For Mark Webber victory in last November's Brazilian GP could not have been better timed. It might have taken some good fortune to get him ahead of Sebastian Vettel that afternoon, but nevertheless it was a win, and a perfect way to send him into the winter on a high.
The contrast with his demeanour after the 2010 finale in Abu Dhabi, where his shot at the title finally faded away, could not have been greater.
Webber has thus been able to enjoy a chilled off-season, and he has enjoyed a great opportunity to gather his thoughts and prepare for 2012. And he's had much to ponder, given that Interlagos was not representative of what was otherwise a bitterly disappointing year for a man who, at times in 2010, had really looked like a potential world champion.
Not only had Webber not won a race in 2011 prior to Brazil, he had only twice finished second to Vettel, in Turkey and Belgium. In all the other races that he finished - 15 of them - he was between third and fifth, and was thus beaten by at least one other car that was not a Red Bull. Given that his team-mate had demonstrated that the RB7 was a potential winner virtually everywhere, there was nowhere for Mark to hide.
Webber has never been one for dodging the truth, and he knows better than anyone else that it simply wasn't good enough.
"We had some technical challenges here and there, but in the end I haven't been ultimately and consistently fast enough on Sundays to challenge for victories," he acknowledged late last year.
"It took me a long time to get to grips with how to handle the new tyres. Obviously there was a big, big difference in terms of grip and pace and how to handle the race [compared with 2010]. I think we've seen a little bit of that with Lewis [Hamilton] as well.
The Red Bulls were often close, but Vettel did the winning © sutton-images.com
"The way the races are now, even more than it used to be, it's about getting pole, getting in front. If you can control the first stop that unloads the other strategies, and there you go. Generally through my poor starts I've been out of position as well, and then you have to stop early, and you're in the shit. You need the first stop. You can never overcut someone these days, you can't go longer on the fuel."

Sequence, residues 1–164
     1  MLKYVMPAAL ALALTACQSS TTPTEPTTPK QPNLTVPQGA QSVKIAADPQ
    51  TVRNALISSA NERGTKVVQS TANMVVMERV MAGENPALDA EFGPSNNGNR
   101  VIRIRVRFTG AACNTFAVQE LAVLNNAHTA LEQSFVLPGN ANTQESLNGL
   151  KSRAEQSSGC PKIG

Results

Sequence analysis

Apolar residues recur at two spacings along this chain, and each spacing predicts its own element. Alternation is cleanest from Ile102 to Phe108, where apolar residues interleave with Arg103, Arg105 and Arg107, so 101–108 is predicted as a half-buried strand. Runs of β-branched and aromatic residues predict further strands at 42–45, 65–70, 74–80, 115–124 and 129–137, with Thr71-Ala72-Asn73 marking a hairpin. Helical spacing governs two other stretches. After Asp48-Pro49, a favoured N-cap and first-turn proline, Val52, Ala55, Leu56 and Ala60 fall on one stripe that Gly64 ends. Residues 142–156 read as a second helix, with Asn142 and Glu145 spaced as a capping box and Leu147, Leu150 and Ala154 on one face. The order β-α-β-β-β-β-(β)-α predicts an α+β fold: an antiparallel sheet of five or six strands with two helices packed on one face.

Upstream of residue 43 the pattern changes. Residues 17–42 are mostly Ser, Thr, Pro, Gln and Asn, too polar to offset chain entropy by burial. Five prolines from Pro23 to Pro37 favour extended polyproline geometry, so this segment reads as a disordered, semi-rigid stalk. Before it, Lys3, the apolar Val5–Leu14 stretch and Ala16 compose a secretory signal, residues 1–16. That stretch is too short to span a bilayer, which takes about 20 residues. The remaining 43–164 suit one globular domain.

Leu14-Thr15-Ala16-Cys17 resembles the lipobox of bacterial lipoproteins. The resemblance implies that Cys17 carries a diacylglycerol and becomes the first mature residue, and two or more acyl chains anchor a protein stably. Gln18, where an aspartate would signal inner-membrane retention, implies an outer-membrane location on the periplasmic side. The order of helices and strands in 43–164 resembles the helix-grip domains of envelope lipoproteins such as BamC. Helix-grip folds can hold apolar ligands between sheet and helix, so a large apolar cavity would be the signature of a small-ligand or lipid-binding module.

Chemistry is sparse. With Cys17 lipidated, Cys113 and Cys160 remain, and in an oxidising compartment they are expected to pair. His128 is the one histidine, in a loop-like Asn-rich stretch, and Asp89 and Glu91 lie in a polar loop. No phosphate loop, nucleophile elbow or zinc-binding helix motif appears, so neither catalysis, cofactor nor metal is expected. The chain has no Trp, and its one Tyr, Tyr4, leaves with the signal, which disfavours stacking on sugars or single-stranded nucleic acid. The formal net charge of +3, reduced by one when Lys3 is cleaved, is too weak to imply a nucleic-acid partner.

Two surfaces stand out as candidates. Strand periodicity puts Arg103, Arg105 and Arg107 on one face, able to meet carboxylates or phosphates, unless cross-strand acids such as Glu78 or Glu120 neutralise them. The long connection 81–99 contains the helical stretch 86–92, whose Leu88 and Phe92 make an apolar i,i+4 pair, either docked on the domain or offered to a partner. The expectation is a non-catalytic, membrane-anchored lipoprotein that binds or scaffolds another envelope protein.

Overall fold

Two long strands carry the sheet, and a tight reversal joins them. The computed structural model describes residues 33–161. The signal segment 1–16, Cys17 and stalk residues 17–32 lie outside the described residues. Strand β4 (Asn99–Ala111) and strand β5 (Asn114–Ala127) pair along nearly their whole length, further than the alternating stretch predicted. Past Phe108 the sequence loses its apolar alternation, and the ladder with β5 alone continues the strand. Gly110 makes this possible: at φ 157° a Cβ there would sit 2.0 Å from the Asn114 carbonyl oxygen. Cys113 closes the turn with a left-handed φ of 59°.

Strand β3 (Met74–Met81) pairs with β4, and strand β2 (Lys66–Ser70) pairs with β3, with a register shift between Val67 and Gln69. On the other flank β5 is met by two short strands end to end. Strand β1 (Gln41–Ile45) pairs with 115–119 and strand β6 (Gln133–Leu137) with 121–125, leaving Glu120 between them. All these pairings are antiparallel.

As he said, tyres were a key weakness in 2011. Webber wasn't the only driver to struggle to get up to speed with the Pirellis, but his problem was exacerbated by the fact that Vettel made the transition with such ease. It's worth recalling that not only did Seb visit the Italian company in the winter, he returned from his world championship victory tour to undertake exploratory Pirelli testing in Abu Dhabi in November, while Mark was already off duty. Every little bit helps.
Webber makes no secret of the fact that Vettel came to terms with the tyres more easily: "Clearly he did, and I think it's about the ability to still go pretty quickly without having the degradation, whereas on the Bridgestones, that wasn't an issue for me.
"You can talk about Pirelli tyres, but that's just the way it is, I need to get on with it, and need to keep chipping away with it. It's all very, very fine lines."
Starts were another major weakness. Time after time Webber was sluggish off the line, or gave away valuable places later on the first lap. He knows he also has to sort that out in 2012.
Bad starts left Webber with too much catching up to do © LAT
"We're still working on ways to make that better. Spa was nothing to do with me. In Malaysia I had no KERS down to Turn 1, and you come out of there in seventh or eighth... Seb fluffed his in China, he lost two spots there. There's been some bad starts, which doesn't help, and when I make a half reasonable start, it's only average, it's OK. I'm looking forward to that challenge, I'm actually fine with it. It's 'let's get on top of it, you can't shy away from it.'"
At the level they at which they are operating, details count, and even Vettel's weight advantage has also played a role: "Obviously on weight distribution I cannot move the weight around, because I'm quite heavy. Sebastian has an extra 10kg of ballast to move around. That's the way it is."
There might be some specific technical issues, but the bottom line is that Webber is up against one of the greats of the modern era, and like Michael Schumacher in his prime, Vettel would make life hard for any team-mate.
You could argue that Mark was perhaps flattered in 2010 after Seb suffered several early retirements and had an issue with his chassis. Nevertheless he still did a better job back then than he did in 2011. Even if you acknowledge that beating Vettel was no longer realistic and all he could be expected to do was play a supporting role to a man at the very top of his game, the stats prove that he failed to do that.